Monday, 13 March 2017

Review: My Silent Wake – 'Invitation To Imperfection'

'Invitation To Imperfection'

My Silent Wake have been working hard keeping doom metal relevant, not only within the boarders of Wales but over the course X years and strong albums such as 'The Anatomy Of Melancholy', and 'Damnatio Memoriae' they have gained the respect of fans around the world. Blending ambient and acoustic elements within the core of their doom metal structure. As a result their sound continues to progress and develop in leaps with every album release, and their latest studio effort 'Invitation To Imperfection' is no different.

The album's folksy/medieval and classical elements are front and centre with the album creating a more neofolk tinted darkwave and dark ambient affair that recalls the likes of Arcana, Attrition, Dead Can Dance, Lustmord and Wardruna. Songs such as 'Helgar Kindir', 'Bleak Spring', 'Lament Of The Defeatist', 'Song Of Acceptance', and 'Return Of The Lost At Sea' are haunting with their dark acoustic drones courtesy of folk instruments.

While the likes of 'Volta', 'Aventurine', and 'Nebula' bring in some baroque and classical instruments, as well as synthesizers, for a more grandiose expression of the band's sound. The album's crowning glory has to be the 21-minute-epic journey of 'Melodien Der Waldgeister' with it's long ambling twists as though someone walking through a landscape and happening upon small pockets of musical performers.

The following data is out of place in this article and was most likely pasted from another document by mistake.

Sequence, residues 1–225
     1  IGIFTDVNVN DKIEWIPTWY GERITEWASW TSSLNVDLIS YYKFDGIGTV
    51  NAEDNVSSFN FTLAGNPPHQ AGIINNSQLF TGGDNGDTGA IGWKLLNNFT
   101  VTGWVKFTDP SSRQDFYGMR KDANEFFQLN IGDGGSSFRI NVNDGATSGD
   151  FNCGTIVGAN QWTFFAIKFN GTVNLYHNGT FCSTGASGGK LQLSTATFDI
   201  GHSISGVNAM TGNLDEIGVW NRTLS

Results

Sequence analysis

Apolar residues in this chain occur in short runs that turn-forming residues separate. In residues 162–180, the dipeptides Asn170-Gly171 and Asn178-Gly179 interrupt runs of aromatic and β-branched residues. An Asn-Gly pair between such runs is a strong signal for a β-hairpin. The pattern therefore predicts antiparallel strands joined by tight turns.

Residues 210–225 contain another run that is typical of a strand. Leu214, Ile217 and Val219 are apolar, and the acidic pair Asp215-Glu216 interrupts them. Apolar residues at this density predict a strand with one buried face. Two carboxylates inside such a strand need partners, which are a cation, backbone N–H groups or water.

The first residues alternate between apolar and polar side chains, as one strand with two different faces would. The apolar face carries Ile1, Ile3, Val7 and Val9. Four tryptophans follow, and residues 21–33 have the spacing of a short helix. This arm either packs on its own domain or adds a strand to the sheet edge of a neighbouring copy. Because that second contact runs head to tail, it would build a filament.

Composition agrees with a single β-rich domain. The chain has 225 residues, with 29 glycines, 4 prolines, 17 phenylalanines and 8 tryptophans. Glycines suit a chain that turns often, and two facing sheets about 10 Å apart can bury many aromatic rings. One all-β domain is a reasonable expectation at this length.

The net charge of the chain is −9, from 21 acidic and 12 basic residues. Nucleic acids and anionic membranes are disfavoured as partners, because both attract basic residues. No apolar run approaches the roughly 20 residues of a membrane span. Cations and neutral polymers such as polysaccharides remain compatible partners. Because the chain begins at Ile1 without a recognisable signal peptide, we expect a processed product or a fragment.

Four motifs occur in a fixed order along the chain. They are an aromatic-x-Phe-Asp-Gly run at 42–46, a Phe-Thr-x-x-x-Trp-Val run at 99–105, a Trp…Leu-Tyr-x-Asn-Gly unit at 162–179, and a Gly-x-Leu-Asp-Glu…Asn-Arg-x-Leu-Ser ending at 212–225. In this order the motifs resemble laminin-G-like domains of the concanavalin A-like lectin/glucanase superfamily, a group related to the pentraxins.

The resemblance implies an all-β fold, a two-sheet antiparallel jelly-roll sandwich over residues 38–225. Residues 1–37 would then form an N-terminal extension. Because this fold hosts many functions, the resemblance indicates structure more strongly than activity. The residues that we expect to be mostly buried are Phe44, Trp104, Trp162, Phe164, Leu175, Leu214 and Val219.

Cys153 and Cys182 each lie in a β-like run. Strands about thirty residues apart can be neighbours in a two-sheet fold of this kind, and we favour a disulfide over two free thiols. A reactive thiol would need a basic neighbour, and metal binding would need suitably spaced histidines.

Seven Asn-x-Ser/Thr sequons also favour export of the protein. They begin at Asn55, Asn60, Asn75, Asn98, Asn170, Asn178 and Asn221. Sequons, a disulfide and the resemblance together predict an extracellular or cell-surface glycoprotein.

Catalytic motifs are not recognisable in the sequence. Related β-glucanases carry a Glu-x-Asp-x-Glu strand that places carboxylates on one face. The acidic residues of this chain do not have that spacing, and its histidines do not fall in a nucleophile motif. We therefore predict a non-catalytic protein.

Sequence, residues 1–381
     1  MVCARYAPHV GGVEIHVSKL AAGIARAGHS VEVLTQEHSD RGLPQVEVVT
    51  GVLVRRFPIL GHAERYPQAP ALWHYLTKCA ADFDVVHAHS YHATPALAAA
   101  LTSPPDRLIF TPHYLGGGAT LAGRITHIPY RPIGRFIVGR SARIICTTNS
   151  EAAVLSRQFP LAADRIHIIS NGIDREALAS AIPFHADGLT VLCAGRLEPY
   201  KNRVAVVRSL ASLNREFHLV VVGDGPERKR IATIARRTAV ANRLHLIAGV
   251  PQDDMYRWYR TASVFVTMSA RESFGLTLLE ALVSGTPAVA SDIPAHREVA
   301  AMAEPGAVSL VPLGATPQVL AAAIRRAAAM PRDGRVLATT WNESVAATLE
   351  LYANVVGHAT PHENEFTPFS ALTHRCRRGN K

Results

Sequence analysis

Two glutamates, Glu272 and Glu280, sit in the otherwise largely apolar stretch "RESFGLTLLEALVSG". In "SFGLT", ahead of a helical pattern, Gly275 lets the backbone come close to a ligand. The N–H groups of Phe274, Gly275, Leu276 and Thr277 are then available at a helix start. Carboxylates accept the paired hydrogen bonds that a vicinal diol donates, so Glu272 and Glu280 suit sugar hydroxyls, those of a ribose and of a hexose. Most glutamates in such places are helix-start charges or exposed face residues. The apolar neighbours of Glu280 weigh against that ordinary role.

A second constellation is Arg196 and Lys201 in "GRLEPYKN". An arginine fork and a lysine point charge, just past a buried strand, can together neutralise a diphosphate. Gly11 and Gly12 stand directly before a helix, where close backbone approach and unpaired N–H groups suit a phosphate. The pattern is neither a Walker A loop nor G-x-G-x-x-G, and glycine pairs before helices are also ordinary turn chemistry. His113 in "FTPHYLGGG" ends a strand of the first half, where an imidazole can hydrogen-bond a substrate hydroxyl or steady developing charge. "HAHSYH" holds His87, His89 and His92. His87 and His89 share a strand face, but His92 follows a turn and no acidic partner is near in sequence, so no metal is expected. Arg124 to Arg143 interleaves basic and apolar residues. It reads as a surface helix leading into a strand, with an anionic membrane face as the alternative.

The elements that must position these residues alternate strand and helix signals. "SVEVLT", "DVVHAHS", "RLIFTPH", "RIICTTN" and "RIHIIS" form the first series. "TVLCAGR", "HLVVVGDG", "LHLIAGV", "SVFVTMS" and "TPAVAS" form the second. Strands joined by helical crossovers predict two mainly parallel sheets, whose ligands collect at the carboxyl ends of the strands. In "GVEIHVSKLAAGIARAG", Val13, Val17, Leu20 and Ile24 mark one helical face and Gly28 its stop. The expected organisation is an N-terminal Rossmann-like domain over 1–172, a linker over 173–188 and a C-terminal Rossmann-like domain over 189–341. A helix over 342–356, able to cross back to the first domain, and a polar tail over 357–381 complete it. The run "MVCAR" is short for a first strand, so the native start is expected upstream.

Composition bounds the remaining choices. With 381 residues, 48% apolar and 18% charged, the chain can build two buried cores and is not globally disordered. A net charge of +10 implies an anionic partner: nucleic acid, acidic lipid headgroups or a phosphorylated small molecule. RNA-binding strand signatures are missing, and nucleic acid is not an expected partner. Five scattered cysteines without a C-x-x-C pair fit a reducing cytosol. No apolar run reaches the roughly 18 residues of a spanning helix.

Production-wise the album is as solid as you could want from veterans such as My Silent Wake. It may not be their usual territory for such a sustained release but this flipside to the band's sound feels 100% right as though this was their natural state. The songs are intimate yet with cavernous scale, and each fine layer shines through distinctly as part of the greater volume of the work.

Those looking for doom metal might be slightly disappointed but My Silent Wake have never been ones to cater for expectations. With their progressive mindset and previous incorporation of medieval and folk instruments, this still feels like a very natural and organic direction for them. And with over a decade of songwriting experience they know how to craft atmospheres and narratives from their music, not matter what instruments they use, with ease. It is a great effort and one that will undoubtedly be another highpoint in an already impressive discography.  

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